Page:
- Hospital admissions & discharge
- Needs assessment
- Being a carer
- Benefits for carers
- Carers' rights at work
- Reassessing care needs
- Talking about care options
Warning signs to look out for
If you think that your loved one has already been targeted by scammers, use our advice to help them take the appropriate action. Look out for these warning signs:
- they have unusual amounts of post or letters lying about the house
- there is evidence of large unexplained cash withdrawals or cheque payments
- they seem short of money, when they shouldn’t be
- they seem to get a lot of phone calls from strangers or companies
- they seem anxious or upset for no apparent reason.
Some scam victims don’t believe they are being scammed. Your loved one might believe this person is their friend or that they’re just about to win a big prize.
Things can be even more difficult if the person you’re supporting has dementia. They might find it harder to say ‘no’ to salespeople, be more likely to believe strangers or not realise what’s happening. If your loved one has dementia, you might find our article on talking to someone with dementia helpful.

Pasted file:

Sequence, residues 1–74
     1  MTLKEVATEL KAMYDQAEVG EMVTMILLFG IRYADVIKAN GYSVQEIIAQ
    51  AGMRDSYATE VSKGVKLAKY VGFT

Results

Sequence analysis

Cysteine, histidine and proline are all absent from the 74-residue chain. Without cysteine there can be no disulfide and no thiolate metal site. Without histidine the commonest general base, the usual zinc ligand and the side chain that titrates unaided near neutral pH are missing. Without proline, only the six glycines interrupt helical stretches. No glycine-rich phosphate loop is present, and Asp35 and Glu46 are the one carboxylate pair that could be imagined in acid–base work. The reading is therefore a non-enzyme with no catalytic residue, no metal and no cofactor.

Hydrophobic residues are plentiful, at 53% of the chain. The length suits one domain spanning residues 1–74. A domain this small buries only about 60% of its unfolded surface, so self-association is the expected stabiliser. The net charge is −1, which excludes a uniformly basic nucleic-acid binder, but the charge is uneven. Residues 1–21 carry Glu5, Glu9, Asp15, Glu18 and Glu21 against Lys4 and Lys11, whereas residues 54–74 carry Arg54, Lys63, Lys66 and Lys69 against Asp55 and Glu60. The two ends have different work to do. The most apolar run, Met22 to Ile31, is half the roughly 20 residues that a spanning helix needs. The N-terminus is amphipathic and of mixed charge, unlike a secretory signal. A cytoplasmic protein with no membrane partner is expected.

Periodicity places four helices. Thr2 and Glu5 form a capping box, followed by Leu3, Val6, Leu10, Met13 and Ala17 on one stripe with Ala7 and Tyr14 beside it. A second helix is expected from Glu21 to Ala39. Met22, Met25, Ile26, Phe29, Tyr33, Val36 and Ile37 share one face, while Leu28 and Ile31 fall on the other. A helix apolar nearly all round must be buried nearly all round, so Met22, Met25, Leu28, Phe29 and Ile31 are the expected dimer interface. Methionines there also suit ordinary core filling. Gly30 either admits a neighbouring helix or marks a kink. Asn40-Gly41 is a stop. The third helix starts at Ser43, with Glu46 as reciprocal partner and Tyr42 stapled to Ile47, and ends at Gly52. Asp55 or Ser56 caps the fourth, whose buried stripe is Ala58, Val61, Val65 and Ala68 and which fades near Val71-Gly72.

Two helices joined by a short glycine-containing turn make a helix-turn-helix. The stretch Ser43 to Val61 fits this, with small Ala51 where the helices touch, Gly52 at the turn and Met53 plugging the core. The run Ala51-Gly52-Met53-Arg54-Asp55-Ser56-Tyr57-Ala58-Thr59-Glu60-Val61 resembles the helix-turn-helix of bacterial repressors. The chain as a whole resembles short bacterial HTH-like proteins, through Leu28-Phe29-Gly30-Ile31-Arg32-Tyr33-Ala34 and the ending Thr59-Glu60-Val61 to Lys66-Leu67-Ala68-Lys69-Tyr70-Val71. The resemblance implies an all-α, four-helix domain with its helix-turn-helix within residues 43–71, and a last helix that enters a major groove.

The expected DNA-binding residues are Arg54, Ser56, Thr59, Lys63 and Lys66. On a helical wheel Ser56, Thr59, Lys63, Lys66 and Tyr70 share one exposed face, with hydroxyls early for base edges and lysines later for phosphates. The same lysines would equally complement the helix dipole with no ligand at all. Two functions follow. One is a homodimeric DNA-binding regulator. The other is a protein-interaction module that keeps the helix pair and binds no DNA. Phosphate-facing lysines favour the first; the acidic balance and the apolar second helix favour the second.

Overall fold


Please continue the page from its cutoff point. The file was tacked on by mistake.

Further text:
Safeguarding your loved one
If someone you know is receiving care from their local authority and you think they're being scammed, it’s worth reporting your concerns to the Adult Safeguarding team. They can investigate situations where an older person may be at risk of abuse, including financial abuse caused by a scam. Use this gov.uk page to find your local authority's website.
Read our guide on common scams and how to identify them. Plus, share it with relatives and friends, to help them keep ...
Spotting a scam isn’t always easy, but scammers tend to use some common tactics, which can give them away. Read our ...
Here are some common phone scams to be aware of – remember to trust your instinct if something doesn’t feel right.
Home care near you
Use our directory to find local home care agencies anywhere across the UK.
In this guide we explain the possible causes and signs of memory loss, with advice on dementia diagnosis and how to support someone with dementia.
Reassessing care needs
If the person you are caring for receives care at home or lives in sheltered housing or a residential home, learn what to do if their needs change.
Technology to keep you safe
If you’re finding daily tasks difficult to carry out or remember to do, there are many technological aids available to help make later life easier.
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